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4 Saudi Female Poets To Read & Celebrate

They were ahead of their time...

World Poetry Day fell on March 21st and on the occasion, we’ve decided to explore this huge part of Arab heritage and embrace Saudi female poets we love. In an effort to conserve Saudi heritage and encourage literature, the Kingdom issued back in February 2020, a cultural authority dedicated to all-things literature, publishing and translation. Check out this awesome video by the Saudi Embassy in the U.S celebrating #WorldPoetryDay:

Without further ado, let’s delve into our trailblazing Saudi female authors and let’s us know if we missed your favorite:

1. Omaima al-Khamis

Omaima al-Khamis, a Saudi Arabian writer has successfully placed her mark in the world of literature. Through her writings, she wishes to break any bonds that tie women; she wants to free them from the past, move them to a brighter world and a hopeful future. Al-Khamis is a renowned published author with several publications to her name, from novels and short stories to self-help books and poetry collections. Her most recent novel, Voyage of the Cranes in the Cities of Agate (2017) won the 2018 Naguib Mahfouz Medal for Literature.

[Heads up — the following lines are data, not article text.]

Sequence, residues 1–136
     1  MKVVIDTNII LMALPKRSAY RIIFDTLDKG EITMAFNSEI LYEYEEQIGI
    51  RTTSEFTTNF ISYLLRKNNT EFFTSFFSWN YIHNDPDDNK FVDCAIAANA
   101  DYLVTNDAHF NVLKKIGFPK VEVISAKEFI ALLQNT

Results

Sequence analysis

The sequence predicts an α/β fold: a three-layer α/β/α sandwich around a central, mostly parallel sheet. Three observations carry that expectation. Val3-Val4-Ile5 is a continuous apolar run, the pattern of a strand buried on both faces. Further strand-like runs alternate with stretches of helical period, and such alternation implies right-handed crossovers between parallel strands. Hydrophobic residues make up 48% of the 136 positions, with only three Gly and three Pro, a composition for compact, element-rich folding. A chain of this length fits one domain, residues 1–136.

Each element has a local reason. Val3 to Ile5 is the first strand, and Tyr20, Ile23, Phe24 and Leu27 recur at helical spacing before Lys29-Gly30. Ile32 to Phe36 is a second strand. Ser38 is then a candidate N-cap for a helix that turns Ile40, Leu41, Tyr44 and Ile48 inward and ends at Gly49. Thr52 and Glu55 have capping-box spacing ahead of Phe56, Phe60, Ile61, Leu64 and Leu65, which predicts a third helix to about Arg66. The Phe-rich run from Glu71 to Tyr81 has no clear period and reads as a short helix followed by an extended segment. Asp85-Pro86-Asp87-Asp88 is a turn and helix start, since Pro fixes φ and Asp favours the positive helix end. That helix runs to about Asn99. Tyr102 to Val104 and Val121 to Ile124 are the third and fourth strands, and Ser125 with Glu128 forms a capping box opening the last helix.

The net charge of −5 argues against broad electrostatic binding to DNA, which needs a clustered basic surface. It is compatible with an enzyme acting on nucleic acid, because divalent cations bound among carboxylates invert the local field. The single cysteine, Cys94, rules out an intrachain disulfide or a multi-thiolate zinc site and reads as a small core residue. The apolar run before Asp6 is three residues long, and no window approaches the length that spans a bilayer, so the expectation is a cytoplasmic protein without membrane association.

2. Nimah Ismail Nawwab

Nimah Ismail Nawwab is considered a trailblazing writer and poet in the Kingdom. Her poetry has been translated into numerous languages and was published in various international anthologies, including Side by Side: New Poems Inspired by Art from Around the World, Other Voices, The World Strand, and I Belong. The Unfurling (2004) was the first collection of poems by a Saudi woman poet to ever be commercially published in the United States.

3. Fawziyya Abu Khalid

Infused with political connotations and probes, Fawziyye Abu Khalid established herself when her first poetry collection, Until When Will They Abduct You on Your Wedding Night? – ‘Illa Mata Yakhtifunaki Lailat Al Aours, was published in 1974. A huge advocator for gender equality and equal opportunities, her activism is evident in many of her works; most notably Secret Readings in the History of Arab Silence (1985) and Mirage Water – Maa’ Al Sarab (1995).

4. Fatima Abdulla al-Musheeq

Al-Musheeq is considered one of the most prominent Saudi women writers. She has held many chief editor positions and has written in several literary and poetry magazines based in the Gulf. Some of her writings go under the pseudonym Al Jawhara, and her list of published works is quite impressive. She has 16 poems published including Perfume Bottle – Zoujajat Otor, The Southern Wind – Reeh Al Janoub, and Arrogant – Maghroura.

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